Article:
print("The number pi = %.2f to 2 decimal places"%3.1415)
print("More space pi = %10.2f"%3.1415)
print("Pad pi with 0 = %010.2f"%3.1415) # pad with zeros
Print width 10: |         x|
Print width 10: |x         |
The number pi = 3.14 to 2 decimal places
More space pi =       3.14
Pad pi with 0 = 0000003.14

Other String Methods

Multiplying a string by an integer simply repeats it

print("Hello World! "*5)
Hello World! Hello World! Hello World! Hello World! Hello World! 


Strings can be tranformed by a variety of functions that are all methods on a string. That is they are called by putting the function name with a . after the string. They include:

  • Upper vs lower case: upper(), lower(), captialize(), title() and swapcase() with mostly the obvious meaning. Note that capitalize makes the first letter of the string a capital only, while title selects upper case for the first letter of every word.
  • Padding strings: center(n), ljust(n) and rjust(n) each place the string into a longer string of length n padded by spaces (centered, left-justified or right-justified respectively). zfill(n) works similarly but pads with leading zeros.
  • Stripping strings: Often we want to remove spaces, this is achived with the functions strip(), lstrip(), and rstrip() respectively to remove from spaces from the both end, just left or just the right respectively. An optional argument can be used to list a set of other characters to be removed.
s="heLLo wORLd!"
print("upper: '%s'"%s.upper(),"lower: '%s'"%s.lower(),"and swapped: '%s'"%s.swapcase())
print('|%s|' % "Hello World".center(30)) # center in 30 characters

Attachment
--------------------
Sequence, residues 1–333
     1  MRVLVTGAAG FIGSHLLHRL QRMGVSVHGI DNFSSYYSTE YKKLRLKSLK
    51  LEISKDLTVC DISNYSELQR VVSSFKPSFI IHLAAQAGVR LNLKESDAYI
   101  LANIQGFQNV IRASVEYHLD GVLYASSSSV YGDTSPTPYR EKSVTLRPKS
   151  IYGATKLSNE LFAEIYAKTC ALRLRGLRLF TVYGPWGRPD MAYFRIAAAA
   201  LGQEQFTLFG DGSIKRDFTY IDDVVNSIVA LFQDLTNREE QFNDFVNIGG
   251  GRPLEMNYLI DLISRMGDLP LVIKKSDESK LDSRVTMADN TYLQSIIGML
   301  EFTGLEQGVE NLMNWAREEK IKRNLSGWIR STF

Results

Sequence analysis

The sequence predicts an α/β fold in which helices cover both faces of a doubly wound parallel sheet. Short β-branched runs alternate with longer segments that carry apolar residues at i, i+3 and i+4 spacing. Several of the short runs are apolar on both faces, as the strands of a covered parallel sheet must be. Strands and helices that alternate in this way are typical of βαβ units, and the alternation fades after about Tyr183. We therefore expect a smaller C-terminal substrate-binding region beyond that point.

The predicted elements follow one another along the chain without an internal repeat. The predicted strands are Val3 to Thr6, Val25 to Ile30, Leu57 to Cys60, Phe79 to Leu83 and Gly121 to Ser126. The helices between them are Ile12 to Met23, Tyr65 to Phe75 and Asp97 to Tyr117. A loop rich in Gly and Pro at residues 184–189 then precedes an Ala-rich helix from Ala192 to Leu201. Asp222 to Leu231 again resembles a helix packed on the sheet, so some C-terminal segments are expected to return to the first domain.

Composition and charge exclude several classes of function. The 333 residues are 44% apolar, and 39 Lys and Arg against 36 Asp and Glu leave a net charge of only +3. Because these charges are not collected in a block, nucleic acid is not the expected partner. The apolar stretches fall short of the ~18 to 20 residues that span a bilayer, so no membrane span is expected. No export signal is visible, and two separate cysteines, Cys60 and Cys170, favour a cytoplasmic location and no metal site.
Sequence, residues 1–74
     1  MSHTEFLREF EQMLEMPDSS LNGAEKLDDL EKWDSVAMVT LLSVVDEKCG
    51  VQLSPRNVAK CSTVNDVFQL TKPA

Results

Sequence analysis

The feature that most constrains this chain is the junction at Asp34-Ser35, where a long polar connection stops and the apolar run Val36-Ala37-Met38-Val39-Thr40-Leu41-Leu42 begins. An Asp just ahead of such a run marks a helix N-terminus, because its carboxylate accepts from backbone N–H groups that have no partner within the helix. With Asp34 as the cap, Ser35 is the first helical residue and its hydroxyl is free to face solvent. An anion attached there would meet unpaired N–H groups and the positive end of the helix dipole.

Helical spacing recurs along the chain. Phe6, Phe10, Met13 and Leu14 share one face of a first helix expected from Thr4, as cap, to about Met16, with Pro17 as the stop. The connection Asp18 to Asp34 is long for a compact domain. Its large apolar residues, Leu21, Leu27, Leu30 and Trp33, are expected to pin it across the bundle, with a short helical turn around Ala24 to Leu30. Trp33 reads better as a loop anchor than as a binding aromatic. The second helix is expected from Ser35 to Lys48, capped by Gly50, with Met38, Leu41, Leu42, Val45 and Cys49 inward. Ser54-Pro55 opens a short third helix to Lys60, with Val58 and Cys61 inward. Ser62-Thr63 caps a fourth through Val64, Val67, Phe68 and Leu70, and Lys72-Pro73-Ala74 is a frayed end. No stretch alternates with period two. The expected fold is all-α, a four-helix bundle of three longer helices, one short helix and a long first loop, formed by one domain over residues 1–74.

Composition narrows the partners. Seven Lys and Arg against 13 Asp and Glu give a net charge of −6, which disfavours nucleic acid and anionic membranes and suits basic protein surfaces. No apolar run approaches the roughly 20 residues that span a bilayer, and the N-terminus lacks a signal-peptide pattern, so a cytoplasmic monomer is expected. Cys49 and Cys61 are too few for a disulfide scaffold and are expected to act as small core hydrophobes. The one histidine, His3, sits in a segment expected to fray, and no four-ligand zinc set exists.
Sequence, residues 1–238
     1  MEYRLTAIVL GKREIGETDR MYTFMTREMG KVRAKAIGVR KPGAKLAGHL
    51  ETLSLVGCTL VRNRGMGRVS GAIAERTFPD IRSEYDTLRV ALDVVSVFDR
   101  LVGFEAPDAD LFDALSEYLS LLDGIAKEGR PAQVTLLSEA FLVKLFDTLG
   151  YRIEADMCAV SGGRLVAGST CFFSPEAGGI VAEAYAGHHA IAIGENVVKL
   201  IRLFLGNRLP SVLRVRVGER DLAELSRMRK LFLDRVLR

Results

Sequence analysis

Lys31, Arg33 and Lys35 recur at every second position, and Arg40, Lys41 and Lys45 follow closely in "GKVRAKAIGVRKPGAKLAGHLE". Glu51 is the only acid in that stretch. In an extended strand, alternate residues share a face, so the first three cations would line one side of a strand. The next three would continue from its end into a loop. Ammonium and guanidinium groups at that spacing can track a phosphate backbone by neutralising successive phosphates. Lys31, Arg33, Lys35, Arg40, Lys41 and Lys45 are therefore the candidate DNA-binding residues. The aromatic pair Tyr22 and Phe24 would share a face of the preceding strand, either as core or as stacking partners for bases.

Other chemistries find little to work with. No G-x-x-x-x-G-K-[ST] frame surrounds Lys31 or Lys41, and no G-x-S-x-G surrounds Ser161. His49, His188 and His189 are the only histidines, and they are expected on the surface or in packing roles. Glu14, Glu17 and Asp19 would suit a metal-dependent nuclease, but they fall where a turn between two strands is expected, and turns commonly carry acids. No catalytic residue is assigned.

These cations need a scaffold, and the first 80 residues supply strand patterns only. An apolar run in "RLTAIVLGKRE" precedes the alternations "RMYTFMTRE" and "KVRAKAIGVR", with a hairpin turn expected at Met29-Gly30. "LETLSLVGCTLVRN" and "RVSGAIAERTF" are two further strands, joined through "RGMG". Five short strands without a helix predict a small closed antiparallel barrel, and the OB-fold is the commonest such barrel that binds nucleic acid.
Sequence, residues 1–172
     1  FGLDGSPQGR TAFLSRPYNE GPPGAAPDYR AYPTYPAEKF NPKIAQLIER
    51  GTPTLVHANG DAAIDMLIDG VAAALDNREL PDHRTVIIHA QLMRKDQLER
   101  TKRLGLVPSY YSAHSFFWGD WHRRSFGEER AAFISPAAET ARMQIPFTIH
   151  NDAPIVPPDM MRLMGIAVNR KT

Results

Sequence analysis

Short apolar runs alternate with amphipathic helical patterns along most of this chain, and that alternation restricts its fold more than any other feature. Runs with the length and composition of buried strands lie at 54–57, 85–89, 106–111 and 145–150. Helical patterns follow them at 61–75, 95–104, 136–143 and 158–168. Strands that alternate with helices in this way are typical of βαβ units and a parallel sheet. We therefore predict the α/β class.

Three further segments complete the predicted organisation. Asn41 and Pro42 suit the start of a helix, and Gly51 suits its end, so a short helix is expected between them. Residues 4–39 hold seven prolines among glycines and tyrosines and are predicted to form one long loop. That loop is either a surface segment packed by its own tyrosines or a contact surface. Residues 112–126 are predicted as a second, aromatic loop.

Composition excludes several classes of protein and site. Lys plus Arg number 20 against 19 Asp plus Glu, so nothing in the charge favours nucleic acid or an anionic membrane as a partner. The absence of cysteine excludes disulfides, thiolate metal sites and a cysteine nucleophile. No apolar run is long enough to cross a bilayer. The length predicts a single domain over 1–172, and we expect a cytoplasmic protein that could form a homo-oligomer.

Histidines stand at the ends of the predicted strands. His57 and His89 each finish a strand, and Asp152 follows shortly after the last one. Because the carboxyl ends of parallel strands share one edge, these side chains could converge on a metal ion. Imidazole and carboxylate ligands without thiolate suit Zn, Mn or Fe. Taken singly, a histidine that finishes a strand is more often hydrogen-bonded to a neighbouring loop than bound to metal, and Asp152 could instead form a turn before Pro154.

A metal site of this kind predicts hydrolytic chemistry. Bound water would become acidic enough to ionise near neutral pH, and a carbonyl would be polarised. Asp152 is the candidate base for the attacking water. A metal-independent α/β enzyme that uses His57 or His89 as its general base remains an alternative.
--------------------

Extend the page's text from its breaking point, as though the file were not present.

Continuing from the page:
print('|%s|'% "     lots of space             ".strip()) # remove leading and trailing whitespace
print('%s without leading/trailing d,h,L or ! = |%s|',s.strip("dhL!"))
print("Hello World".replace("World","Class"))
Hello world! vs Hello World!
upper: 'HELLO WORLD!' lower: 'hello world!' and swapped: 'HEllO WorlD!'
|         Hello World          |
|lots of space|
%s without leading/trailing d,h,L or ! = |%s| eLLo wOR
Hello Class

Inspecting Strings

There are also lost of ways to inspect or check strings. Examples of a few of these are given here:

  • Checking the start or end of a string: startswith("string") and endswith("string") checks if it starts/ends with the string given as argument
  • Capitalisation: There are boolean counterparts for all forms of capitalisation, such as isupper(), islower() and istitle()
  • Character type: does the string only contain the characters
    • 0-9: isdecimal(). Note there is also isnumeric() and isdigit() which are effectively the same function except for certain unicode characters
    • a-zA-Z: isalpha() or combined with digits: isalnum()
    • non-control code: isprintable() accepts anything except ‘\n’ an other ASCII control codes
    • \t\n \r (white space characters): isspace()
    • Suitable as variable name: isidentifier()
  • Find elements of string: s.count(w) finds the number of times w occurs in s, while s.find(w) and s.rfind(w) find the first and last position of the string w in s.
s="Hello World"
print("The length of '%s' is"%s,len(s),"characters") # len() gives length
s.startswith("Hello") and s.endswith("World") # check start/end
# count strings